We wish her the best at her new position at the Museum of Man and hope that she will return for a visit (She is only a ten minute, at the most, walk away).
The Museum now has a F4U Corsair model on display to coincide with the restoration of an actual F4U Corsair currently taking place in the basement. Below is the description of the beautiful and meticulously built model:
This magnificently hand crafted 1/16th scale model F4U Corsair was fabricated from roof flashing material purchased at a hardware store. Each rib, longeron, and bulkhead is in place, visible on the cutaway side. Look very closely and you will notice fuel and hydraulic line, throttle and propeller cables, engine wires and even a sliding canopy. Ailerons, flaps, elevators and rudders are operational, driven by miniature chains exactly as the original, and the landing gear actually retracts. Built by Dr. Young C. Park, a retired dentist from Hawaii, the incredible detail of this model, and two others that Park has built, has amazed the modeling world. More than 6000 hours and five years time were dedicated to creating his masterpiece. The Corsair has been loaned to the San Diego Air and Space Museum by the Craftsmanship Museum of Vista, CA.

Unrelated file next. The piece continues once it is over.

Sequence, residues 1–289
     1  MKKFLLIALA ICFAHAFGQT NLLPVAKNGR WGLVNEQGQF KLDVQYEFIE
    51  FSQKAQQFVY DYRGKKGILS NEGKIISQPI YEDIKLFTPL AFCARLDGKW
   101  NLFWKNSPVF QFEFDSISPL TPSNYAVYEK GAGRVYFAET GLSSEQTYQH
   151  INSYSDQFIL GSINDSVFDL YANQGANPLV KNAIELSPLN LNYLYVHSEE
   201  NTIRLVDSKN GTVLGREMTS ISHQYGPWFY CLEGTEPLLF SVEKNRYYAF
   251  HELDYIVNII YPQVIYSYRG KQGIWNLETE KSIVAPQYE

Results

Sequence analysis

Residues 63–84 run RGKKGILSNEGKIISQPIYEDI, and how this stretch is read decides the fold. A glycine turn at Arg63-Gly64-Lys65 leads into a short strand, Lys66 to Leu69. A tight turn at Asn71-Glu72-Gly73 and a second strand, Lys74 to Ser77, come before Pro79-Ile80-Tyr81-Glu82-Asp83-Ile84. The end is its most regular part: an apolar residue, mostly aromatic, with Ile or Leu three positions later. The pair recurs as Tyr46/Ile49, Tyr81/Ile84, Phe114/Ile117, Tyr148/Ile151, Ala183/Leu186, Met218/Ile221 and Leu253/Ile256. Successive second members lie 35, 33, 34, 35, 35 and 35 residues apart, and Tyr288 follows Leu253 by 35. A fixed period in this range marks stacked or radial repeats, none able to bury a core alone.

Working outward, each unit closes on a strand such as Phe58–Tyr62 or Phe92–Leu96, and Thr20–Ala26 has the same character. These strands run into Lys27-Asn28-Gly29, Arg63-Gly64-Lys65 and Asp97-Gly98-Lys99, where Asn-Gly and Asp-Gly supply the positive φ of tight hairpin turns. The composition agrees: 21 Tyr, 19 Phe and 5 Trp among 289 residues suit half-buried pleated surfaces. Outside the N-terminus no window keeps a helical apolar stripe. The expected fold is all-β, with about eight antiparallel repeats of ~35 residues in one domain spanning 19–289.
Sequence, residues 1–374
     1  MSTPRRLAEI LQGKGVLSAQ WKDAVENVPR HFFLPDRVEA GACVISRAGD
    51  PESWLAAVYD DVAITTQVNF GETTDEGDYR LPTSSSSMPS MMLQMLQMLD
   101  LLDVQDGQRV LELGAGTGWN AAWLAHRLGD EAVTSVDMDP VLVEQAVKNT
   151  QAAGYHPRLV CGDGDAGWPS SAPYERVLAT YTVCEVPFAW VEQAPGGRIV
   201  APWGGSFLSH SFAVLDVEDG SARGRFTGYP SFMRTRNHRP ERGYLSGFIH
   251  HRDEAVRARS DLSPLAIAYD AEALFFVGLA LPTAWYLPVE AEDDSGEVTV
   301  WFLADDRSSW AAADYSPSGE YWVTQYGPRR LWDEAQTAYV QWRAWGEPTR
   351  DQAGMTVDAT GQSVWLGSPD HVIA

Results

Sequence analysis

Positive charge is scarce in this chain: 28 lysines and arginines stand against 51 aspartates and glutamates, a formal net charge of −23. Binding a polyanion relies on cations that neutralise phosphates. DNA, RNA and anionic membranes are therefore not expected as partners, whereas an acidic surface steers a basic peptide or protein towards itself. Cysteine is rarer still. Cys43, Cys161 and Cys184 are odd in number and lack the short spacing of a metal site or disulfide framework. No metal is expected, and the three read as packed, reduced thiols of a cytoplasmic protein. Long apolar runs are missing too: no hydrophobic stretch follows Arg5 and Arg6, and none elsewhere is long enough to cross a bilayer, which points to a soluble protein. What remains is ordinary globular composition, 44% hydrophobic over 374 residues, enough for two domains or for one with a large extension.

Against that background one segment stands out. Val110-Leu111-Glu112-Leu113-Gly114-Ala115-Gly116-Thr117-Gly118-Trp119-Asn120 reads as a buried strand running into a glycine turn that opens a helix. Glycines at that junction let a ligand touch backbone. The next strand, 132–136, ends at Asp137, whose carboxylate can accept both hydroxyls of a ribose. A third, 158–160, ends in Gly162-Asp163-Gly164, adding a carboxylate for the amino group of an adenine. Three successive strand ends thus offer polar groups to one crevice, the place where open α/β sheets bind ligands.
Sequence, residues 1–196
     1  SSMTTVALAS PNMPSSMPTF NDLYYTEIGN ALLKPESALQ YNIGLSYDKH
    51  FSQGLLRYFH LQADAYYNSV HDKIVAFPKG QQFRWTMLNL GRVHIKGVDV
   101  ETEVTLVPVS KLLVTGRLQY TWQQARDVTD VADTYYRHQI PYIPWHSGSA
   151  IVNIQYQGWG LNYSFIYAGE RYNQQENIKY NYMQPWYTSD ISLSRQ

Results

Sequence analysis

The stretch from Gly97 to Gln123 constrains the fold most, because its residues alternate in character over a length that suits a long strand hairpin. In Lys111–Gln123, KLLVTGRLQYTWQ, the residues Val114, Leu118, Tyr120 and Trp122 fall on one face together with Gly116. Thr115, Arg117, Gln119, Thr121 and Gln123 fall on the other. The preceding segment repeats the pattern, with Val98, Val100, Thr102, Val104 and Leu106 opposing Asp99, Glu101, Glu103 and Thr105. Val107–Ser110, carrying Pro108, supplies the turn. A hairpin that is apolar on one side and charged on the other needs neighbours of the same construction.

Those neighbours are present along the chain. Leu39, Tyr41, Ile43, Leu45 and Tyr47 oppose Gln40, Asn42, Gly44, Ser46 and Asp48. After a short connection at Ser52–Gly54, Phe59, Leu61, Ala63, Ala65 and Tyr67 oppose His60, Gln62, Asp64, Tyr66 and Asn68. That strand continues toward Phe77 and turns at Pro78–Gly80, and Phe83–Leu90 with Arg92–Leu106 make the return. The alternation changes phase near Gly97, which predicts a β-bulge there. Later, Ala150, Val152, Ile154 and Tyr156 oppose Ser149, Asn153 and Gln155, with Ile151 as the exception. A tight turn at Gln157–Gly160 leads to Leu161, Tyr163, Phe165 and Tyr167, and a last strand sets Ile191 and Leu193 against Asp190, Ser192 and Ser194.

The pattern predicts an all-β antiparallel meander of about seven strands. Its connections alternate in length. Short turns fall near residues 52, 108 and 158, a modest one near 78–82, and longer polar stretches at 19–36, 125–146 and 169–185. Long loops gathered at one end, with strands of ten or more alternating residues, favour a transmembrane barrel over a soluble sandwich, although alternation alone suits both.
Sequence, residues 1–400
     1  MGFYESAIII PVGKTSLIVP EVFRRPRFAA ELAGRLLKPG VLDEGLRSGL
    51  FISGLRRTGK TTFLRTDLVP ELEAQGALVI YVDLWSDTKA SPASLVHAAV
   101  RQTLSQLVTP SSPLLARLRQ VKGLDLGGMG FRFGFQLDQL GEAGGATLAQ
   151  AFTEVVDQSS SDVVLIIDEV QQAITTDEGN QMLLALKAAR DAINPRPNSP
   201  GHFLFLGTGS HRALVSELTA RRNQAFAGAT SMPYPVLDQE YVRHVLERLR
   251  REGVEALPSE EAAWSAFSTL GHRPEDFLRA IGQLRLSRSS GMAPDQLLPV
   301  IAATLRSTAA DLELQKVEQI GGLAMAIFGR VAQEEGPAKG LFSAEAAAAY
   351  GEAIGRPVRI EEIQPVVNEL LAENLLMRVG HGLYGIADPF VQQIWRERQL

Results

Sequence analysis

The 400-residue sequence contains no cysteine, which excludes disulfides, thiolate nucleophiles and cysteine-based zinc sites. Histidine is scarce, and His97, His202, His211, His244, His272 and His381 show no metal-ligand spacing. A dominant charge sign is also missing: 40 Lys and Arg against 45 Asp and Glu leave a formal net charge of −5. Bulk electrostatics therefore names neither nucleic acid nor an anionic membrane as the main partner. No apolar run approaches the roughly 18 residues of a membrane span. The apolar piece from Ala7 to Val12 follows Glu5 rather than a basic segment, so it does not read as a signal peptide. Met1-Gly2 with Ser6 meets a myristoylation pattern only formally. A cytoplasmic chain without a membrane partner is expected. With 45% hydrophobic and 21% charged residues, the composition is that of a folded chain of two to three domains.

For decades, our Gemini-era space suit has been displayed high on a wall as part of a spacecraft display. Now visitors have a chance to see it up close as a new addition to the spaceflight gallery in its own display case.
In 2010, L&A is getting social. You can now become a fan and read updates on L&A’s Facebook page: www.facebook.com/SDASMLA. You can also read more in-depth articles on the new L&A blog: http://sdasmlibrary.wordpress.com. Below is th L&A’s first blog post on what you can expect:
Welcome to the new Library & Archives blog! Stay up to date with the Library & Archives by checking our blog often.
Some of the upcoming features we hope to make available
- Picture of the Week
- Upcoming Events
- New SDASM Publications
- Aviation articles
- Library & Archives Newsletters
- New Collection Materials
- Volunteer and Staff news
- Links to the online Library Catalogue & Photo Collection
Most don’t know that our museum has a full fabrication shop—an “aircraft factory”—in our basement, deep below our galleries. Down in the depths of the Museum, volunteers draft schematics (or blueprints), bend metal, shape wood, and drill, hammer and rivet to create some of the airplanes you see on our galley floor. Many of these volunteers worked for large aerospace companies and our now lending us their expertise. The Basement Chronicles will follow their work. This edition focuses on the Boeing P-26 “Peashooter.”
I had the chance to sit down with Jerry Orr, the lead for building our P-26 Peashooter aircraft, and ask him some questions on the progress of the airplane since my last update. Since then, our restoration volunteers have completed the wings and started to place them onto the fuselage. They are also working on finishing the cockpit. Soon after that, they will paint the Peashooter and it will be ready to be moved to its display.